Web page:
FOOD. Science. Technology. Quality

Food. SCIENCE. Technology. Quality

Food. Science. TECHNOLOGY. Quality

Food. Science. Technology. QUALITY




Effect of essential oils of coriander (Coriandrum sativum L.) and lemon balm (Melissa officinalis L.) on quality of stored ground veal


Under this study, it was researched into the effect of the addition of coriander (Coriandrum sativum L.) essential oils and lemon balm (Melissa officinalis L.) on the stability of ground veal stored at chilling temperatures. The effect was assessed when those oils were added separately (each oil concentration of 0.02 %) and jointly as a mixture (their concentration in the mixture: 0.01 % and 0.01 %). The vacuum packed samples of meat were stored at 0 and 6 ºC for two weeks. Samples of fresh meat and meat after 1 and 2 week storage were analyzed. The analyses comprised the determination of the following counts: total bacteria, lactic acid bacteria, Enterobacteriaceae bacteria, and yeast and mould. Additionally, in the samples, the following parameters were determined: pH, acid number, peroxide value, and TBA value; a sensory assessment was also carried out. The two oils and their mixture were clearly perceptible, even after the meat was cooked. The coriander essential oil appeared to be more useful in terms of the sensory features of the meat. The two oils applied delayed the occurrence of the spoiled meat odour. Their addition had an inhibiting effect on the growth of Enterobacteriaceae and moulds. However, during storage, the levels of meat contamination by lactic acid bacteria and yeasts were similar to those found in the control samples with no oils contained therein. It was proved that the oils added to meat impacted the pH value of samples stored at a higher temperature. No beneficial effect was found of the additives on fat rancidity indices, which, at the end of the storage period, did not significantly differ from the indices of the fresh meat.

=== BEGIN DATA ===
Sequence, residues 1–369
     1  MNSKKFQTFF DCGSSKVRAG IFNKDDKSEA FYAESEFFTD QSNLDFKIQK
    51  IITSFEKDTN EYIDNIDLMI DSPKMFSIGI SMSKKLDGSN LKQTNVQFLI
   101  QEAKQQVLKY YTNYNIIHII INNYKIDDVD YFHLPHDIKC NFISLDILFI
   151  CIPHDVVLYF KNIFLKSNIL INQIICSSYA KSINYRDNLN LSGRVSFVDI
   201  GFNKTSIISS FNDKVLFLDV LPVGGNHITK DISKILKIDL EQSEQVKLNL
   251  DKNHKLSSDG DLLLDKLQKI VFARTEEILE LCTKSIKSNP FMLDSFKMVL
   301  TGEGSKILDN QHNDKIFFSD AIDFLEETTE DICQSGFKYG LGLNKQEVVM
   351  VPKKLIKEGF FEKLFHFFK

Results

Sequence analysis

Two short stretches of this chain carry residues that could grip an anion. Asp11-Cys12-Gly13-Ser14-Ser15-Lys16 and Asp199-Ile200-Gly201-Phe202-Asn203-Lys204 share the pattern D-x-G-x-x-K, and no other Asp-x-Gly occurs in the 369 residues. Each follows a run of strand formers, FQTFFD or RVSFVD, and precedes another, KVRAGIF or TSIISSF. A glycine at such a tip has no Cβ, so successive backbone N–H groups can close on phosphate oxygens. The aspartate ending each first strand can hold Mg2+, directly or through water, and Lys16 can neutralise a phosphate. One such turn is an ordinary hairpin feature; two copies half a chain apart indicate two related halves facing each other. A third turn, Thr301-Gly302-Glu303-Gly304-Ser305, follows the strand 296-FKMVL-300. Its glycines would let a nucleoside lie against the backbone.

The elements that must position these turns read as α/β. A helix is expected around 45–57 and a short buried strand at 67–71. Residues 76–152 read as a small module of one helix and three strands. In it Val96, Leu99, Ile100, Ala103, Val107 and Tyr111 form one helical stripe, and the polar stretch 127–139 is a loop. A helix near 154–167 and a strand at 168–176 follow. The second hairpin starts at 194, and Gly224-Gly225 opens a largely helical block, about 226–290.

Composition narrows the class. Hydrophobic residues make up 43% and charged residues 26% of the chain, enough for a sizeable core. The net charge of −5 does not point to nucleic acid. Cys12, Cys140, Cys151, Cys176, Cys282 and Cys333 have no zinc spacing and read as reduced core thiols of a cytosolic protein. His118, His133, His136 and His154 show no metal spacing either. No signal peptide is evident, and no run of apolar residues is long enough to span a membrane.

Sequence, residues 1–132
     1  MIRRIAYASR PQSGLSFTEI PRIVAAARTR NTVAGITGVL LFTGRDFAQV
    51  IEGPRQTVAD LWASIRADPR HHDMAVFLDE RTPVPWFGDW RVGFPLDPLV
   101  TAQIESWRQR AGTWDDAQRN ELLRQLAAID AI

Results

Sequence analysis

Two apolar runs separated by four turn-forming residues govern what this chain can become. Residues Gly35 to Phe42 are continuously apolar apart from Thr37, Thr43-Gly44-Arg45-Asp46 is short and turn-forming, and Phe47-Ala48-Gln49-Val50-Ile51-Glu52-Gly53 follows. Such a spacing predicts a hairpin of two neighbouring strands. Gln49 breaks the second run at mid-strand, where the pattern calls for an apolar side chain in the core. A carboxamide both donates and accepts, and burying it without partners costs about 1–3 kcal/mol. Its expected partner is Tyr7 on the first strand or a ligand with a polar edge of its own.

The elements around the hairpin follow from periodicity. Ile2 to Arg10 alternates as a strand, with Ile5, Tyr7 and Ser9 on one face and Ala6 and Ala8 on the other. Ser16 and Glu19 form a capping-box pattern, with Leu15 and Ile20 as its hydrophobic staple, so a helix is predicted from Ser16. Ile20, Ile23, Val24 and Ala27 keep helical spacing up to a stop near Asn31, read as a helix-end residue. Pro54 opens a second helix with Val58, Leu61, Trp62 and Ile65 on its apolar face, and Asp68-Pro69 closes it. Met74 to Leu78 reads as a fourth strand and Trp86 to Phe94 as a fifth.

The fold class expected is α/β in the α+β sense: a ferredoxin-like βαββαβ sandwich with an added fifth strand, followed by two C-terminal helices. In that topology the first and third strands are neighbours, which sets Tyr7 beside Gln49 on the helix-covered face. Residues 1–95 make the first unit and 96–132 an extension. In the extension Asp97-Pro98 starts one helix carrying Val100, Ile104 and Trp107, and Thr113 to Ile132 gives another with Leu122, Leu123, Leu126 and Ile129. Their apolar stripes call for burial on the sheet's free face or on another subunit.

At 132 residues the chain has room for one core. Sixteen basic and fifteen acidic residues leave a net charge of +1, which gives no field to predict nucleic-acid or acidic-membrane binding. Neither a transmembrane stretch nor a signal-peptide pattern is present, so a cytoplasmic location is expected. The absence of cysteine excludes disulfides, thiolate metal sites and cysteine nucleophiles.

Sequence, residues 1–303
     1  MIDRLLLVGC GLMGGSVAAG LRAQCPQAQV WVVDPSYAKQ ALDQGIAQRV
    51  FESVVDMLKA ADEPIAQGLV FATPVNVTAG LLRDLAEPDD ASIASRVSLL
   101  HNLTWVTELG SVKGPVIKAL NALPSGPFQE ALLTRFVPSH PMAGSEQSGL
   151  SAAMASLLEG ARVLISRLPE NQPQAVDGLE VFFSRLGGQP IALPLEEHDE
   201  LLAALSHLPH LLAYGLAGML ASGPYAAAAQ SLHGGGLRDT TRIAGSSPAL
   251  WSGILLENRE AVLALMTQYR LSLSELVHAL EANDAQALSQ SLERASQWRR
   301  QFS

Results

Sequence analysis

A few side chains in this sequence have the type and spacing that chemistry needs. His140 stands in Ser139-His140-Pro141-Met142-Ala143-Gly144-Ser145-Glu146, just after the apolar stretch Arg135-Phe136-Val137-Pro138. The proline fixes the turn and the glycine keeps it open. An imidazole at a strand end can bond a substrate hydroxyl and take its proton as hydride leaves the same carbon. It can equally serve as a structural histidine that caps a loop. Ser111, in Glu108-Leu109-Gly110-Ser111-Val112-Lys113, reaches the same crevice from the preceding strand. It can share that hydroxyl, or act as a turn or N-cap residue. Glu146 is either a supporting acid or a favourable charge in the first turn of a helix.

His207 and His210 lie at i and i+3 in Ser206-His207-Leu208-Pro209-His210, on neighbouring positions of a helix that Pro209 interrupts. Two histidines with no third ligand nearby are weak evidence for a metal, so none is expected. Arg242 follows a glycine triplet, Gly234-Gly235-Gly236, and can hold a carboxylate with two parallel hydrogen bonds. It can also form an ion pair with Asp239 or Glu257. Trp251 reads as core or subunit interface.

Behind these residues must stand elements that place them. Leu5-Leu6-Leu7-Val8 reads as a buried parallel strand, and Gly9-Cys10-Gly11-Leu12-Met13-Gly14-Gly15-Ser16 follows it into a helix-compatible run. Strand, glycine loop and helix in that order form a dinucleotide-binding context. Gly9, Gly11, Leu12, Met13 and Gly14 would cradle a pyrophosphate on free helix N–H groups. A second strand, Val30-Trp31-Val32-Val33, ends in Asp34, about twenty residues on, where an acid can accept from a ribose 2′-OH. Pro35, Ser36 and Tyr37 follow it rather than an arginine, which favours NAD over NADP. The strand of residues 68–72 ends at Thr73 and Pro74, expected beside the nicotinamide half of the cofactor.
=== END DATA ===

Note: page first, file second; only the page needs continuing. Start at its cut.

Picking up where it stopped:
ground veal, essential oils, storage, microbial contamination